United States District Court, N.D. California
February 3, 2015
JOHN ARMSTRONG, et al., Plaintiffs,
EDMUND G. BROWN, JR., et al., Defendants
For John Armstrong, James Amauric, Richard Ponciano, Jack Swensen, Billy Beck, Judy Fendt, Walter Fratus, Gregory Sandoval, Darlene Madison, Peter Richardson, Steven Hill, David Rose, David Blessing, Elio Castro, Elmer Umbenhower, Raymond Hayes, Gene Horrocks, Kiah Mincey, Clifton Feathers, Willie Johnson, David Badillo, James Simmons, Flora Abrams, Joey Gough, Timothy Whisman, Plaintiffs: Donald H. Specter, Sara Linda Norman, LEAD ATTORNEYS, Alison Hardy, Corene T. Kendrick, Penny Marie Godbold, Warren E. George, Jr, Prison Law Office, Berkeley, CA; Michael William Bien, LEAD ATTORNEY, Blake Thompson, Ernest James Galvan, Lisa Adrienne Ells, Rosen Bien Galvan & Grunfeld LLP, San Francisco, CA; Arlene Brynne Mayerson, Disability Rights Education & Defense Fund, Inc., Berkeley, CA; Gay Crosthwait Grunfeld, Kenneth Michael Walczak, Michael Louis Freedman, Rosen Bien Galvan and Grunfeld LLP, San Francisco, CA; Geoffrey T. Holtz, Morgan, Lewis & Bockius LLP, San Francisco, CA; Linda D. Kilb, Disability Rights Education and Defense Fund, Inc., Berkeley, CA; Mark Raymond Feeser, Mark R. Feeser - Attorney at Law, San Luis Obispo, CA; Megan Hagler, Attorney at Law, San Rafael, CA; Rebekah B. Evenson, PRISON LAW OFFICE, Berkeley, CA; Shawn Hanson, Akin Gump Strauss Hauer & Feld LLP, San Francisco, CA.
For Robert Sillen, J. Clark Kelso, Receivers: Martin H. Dodd, LEAD ATTORNEY, Futterman Dupree Dodd Croley Maier LLP, San Francisco, CA.
For Robert Hecker, Ralph Coleman, Intervenors Pla: Martin H. Dodd, LEAD ATTORNEY, Futterman Dupree Dodd Croley Maier LLP, San Francisco, CA.
For Joseph C. Sandoval, Dir Dept of Corr James Gomez, Kyle McKinsey, Kevin Carruth, Marisela Montes, Deputy Director of the Parole and Community Services Division, Robert Presley, Secretary of the Youth and Corrections Agency of the State of California, California Board of Prison Term, Chairman James Nielsen, Gray Davis, Defendants: Paul Brian Mello, LEAD ATTORNEY, Hanson Bridgett LLP, San Francisco, CA; Danielle Felice O'Bannon, Attorney General's Office, CLS, San Francisco, CA; Jay Craig Russell, Office of the Attorney General, Correctional Law Section, San Francisco, CA; Rochelle C. East, Office of the Attorney General, San Francisco, CA.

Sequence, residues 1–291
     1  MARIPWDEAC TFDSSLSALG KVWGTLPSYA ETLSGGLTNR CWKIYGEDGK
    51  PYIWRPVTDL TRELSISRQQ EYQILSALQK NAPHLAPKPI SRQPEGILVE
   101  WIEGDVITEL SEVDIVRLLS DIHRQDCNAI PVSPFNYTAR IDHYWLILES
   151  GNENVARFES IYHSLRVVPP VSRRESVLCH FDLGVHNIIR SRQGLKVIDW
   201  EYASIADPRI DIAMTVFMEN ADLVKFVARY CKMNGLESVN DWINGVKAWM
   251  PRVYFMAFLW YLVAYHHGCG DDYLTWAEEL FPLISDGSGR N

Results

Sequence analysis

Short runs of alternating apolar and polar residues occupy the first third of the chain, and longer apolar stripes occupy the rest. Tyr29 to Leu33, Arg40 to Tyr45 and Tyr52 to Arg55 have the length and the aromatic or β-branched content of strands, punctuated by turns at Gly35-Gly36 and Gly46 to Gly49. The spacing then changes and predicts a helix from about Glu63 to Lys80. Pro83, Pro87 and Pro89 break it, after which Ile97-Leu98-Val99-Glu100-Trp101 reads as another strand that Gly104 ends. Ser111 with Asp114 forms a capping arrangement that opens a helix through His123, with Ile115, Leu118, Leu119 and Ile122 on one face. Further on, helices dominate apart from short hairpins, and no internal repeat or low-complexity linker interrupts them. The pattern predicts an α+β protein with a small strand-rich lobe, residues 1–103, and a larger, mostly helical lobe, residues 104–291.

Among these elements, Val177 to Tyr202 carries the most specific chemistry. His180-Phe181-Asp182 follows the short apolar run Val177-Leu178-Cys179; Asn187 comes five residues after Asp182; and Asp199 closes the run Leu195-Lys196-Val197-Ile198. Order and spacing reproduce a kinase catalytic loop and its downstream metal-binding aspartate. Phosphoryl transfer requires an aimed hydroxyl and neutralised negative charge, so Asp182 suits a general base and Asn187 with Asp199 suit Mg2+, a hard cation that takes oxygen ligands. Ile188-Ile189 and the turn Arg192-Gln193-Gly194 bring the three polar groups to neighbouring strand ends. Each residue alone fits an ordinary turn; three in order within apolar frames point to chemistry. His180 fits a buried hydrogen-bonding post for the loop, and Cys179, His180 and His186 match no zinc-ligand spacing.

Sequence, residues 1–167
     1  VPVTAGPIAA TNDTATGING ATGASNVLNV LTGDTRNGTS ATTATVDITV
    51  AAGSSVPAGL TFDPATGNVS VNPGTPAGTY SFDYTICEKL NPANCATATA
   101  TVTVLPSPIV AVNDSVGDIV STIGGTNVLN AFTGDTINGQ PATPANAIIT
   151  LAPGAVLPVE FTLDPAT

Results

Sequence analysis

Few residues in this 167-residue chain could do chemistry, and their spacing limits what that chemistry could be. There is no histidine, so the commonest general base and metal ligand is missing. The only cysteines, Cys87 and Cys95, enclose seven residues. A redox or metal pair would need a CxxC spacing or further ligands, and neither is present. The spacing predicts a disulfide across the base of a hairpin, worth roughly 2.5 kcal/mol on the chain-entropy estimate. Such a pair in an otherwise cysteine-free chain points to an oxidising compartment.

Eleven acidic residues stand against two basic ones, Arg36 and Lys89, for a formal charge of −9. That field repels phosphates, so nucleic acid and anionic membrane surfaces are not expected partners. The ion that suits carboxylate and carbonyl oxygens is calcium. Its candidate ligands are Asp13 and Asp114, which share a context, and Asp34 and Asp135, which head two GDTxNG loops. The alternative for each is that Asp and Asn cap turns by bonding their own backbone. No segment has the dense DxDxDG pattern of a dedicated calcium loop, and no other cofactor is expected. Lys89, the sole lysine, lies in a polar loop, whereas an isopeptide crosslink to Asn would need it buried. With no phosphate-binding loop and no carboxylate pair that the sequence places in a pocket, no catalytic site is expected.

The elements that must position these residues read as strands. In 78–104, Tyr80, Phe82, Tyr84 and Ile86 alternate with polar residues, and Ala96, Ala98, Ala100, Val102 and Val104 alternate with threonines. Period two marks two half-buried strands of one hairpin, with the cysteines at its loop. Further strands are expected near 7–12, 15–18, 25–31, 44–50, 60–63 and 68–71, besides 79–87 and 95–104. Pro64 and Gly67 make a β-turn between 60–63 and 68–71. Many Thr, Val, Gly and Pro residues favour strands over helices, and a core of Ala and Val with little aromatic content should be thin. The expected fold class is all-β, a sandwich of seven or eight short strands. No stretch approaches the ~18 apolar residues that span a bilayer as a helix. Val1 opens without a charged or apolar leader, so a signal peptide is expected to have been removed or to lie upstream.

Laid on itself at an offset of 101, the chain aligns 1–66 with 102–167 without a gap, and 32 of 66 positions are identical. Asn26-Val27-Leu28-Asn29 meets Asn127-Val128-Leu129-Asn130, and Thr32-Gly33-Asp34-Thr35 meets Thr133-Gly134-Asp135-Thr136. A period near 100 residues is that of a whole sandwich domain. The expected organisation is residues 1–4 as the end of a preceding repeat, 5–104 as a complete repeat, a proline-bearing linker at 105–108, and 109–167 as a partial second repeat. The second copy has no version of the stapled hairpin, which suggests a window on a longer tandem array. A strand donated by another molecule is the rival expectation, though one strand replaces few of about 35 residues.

For California Department of Corrections and Rehabilitation, Secretary James Tilton, Executive Director John Monday, Defendants: Danielle Felice O'Bannon, Attorney General's Office, CLS, San Francisco, CA; Scott John Feudale, LEAD ATTORNEY, California Attorney General's Office, Correctional Law Section, Oakland, CA; Jay Craig Russell, Office of the Attorney General, Correctional Law Section, San Francisco, CA; Jose Alfonso Zelidon-Zepeda, California State Attorney General's Office, Department of Justice, San Francisco, CA; Kyle Anthony Lewis, Department of Justice, Office of Attorney General, San Francisco, CA.
For Edmund G. Brown, Jr., Governor of California, Defendant: Scott John Feudale, LEAD ATTORNEY, California Attorney General's Office, Correctional Law Section, Oakland, CA; Bryan An-Chieh Kao, Giam Minh Nguyen, Janelle M. Smith, Michael James Quinn, California State Attorney General's Office, San Francisco, CA; Danielle Felice O'Bannon, Attorney General's Office, CLS, San Francisco, CA; Jay Michael Goldman, California Department of Justice, Office of the Attorney General, San Francisco, CA; Jay Craig Russell, Office of the Attorney General, Correctional Law Section, San Francisco, CA.
For California Correctional Peace Officers Association, Amicus: Gregg McLean Adam, Esq., LEAD ATTORNEY, Carroll, Burdick & McDonough, LLP, Attorneys At Law, San Francisco, CA; Benjamin Cornelius Sybesma, Christine Albertine, California Correctional Peace Officers' Association, West Sacramento, CA; Jennifer Spencer Stoughton, Carroll, Burdick & McDonough LLP, San Francisco, CA; Ronald Yank, Oakland, CA.